On wind energy, Pickens has this to say: “To get into this thing I decided I needed to go into renewables, which is wind,” he continued. “Most landowners like the royalties from those turbines. But then wind won’t work because wind power is priced off the margin and natural gas is at $2.50 so you can’t finance a wind deal until natural gas is $6.” So wind energy, while still an alternative to petroleum, is not now the highest priority. Natural gas is.”

Pickens isn’t shy about his past involvement in presidential campaigns, notably the 2004 election between President George Bush and U.S. Sen. John Kerry, D-Mass. He offers up that he had a big role in the outcome, having financed the controversial “Swift Boat” commercials that questioned Kerry’s military service and patriotism.

But he seems to have now backed away from actively engaging in politics, telling people he will remain on the sidelines to focus on promoting a bipartisan effort to convince Congress to make the United States energy independent.

Pickens says virtually every country in the world has an energy policy — except the United States. No president has succeeded in getting one through Congress — and Pickens says many presidents never even asked for an energy policy.

“I met with President Obama in Reno, Nevada. He wanted to know my views on energy and there were only three of us there and the president asked me if he could take notes which he did. David Axelrod was there with him and David and I have gotten to know each other really well. He’s a good guy.

“And President Obama asked ‘do I say anything about energy that makes you uncomfortable?’

“I said you say one thing that makes me laugh. He looked at me seriously and kind of leaned forward. It’s when you say you are going to have one million plug-in hybrids in 10 years. Obama said, ‘let me tell you something. Mr. Pickens, I’m going to do that’ and I said well, walk over there and look out that window on the parking lot. Now imagine one million cars out there. It would look like one hell of a lot of cars.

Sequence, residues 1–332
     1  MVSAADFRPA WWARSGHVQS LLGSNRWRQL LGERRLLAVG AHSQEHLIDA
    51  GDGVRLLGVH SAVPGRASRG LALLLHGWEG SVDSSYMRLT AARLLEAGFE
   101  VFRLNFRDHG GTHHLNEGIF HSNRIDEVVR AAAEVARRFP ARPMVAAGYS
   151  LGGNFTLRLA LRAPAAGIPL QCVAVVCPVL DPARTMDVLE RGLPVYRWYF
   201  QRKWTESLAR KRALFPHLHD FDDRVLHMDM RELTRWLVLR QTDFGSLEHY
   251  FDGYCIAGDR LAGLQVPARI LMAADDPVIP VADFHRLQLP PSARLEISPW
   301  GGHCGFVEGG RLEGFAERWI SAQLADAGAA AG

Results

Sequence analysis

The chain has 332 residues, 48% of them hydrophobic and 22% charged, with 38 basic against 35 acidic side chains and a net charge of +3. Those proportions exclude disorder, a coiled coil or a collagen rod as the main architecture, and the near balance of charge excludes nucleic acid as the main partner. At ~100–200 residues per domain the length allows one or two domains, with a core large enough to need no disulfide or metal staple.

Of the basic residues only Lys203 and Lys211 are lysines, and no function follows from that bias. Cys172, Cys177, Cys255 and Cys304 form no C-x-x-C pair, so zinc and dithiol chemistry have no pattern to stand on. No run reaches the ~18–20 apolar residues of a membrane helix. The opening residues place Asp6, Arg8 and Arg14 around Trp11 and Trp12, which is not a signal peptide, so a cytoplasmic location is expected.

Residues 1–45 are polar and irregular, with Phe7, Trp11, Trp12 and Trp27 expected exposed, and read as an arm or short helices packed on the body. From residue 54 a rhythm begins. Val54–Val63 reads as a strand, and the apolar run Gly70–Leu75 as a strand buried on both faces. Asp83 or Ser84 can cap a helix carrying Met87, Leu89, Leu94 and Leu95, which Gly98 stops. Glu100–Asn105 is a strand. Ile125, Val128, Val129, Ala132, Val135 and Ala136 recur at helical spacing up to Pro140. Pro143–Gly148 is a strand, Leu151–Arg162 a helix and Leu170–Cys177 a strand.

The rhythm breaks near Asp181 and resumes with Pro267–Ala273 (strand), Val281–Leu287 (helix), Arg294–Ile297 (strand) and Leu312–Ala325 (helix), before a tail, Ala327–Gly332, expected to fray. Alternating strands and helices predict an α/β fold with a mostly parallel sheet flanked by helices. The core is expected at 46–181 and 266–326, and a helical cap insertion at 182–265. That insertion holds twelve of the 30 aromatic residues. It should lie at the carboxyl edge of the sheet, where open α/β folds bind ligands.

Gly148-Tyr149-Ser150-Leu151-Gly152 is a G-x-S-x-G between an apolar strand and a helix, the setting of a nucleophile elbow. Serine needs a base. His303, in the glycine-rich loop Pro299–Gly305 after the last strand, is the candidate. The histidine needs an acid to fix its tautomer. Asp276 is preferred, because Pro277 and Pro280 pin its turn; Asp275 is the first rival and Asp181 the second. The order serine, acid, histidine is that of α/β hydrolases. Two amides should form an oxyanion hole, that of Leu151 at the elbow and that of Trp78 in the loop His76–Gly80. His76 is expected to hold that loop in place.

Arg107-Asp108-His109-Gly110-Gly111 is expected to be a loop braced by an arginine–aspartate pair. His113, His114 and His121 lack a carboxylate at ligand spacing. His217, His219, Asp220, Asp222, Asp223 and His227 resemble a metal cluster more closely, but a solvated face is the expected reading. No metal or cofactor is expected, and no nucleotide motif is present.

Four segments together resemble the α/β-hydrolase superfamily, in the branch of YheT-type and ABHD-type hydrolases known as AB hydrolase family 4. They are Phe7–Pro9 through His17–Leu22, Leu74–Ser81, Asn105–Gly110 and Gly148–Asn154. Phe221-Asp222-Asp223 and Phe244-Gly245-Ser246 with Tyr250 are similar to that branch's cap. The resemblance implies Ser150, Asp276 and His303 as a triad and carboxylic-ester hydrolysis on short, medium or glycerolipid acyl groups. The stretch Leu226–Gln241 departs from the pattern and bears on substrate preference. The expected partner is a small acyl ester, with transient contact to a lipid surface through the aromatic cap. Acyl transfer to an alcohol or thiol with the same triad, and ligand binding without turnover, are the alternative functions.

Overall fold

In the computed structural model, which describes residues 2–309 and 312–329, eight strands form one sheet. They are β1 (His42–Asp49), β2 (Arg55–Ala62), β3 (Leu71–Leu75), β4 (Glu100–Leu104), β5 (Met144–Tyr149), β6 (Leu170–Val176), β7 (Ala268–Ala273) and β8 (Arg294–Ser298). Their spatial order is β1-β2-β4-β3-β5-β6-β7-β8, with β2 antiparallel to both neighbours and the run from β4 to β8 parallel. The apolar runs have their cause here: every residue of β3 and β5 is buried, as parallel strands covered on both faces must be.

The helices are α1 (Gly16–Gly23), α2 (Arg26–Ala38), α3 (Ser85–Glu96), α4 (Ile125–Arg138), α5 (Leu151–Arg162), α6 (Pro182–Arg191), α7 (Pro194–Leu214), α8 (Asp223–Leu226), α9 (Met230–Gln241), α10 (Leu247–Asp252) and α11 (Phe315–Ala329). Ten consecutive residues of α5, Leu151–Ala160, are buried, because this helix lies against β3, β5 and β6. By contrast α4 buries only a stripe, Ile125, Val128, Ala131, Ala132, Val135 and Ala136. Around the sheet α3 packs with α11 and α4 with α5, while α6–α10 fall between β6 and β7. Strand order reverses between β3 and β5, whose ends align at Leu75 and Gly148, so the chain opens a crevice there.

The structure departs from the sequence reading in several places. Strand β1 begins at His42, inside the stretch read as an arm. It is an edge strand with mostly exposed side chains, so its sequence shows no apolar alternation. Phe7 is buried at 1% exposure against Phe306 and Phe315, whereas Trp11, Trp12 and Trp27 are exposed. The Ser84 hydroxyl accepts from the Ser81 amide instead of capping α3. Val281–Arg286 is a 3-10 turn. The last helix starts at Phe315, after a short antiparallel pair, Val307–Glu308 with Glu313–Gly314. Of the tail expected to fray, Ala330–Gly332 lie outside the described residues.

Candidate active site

“The president said ‘it would be a lot of cars yes’ and I said well, we have 250 million vehicles in the U.S. and that million isn’t very many. The president smiled and relaxed and kind of laughed and said ‘no, that isn’t very many.’

“We laughed together and I said well that’s why I laugh when you say that, because one million plug-in hybrids won’t mean anything. I told him not many people in Washington understand energy. You can’t have a five minute conversation there with anyone because they run out of what they know before the five minutes is up.”

That meeting in Reno apparently led to an alliance of sorts between Pickens and Obama, at least on energy.

The administration has embraced much of Pickens’s plan to provide tax incentives, largely to the trucking industry, to help companies transition from diesel powered trucks to trucks powered by natural gas.

(The story to be posted Wednesday will focus more on the trucking industry’s role in moving toward natural gas.)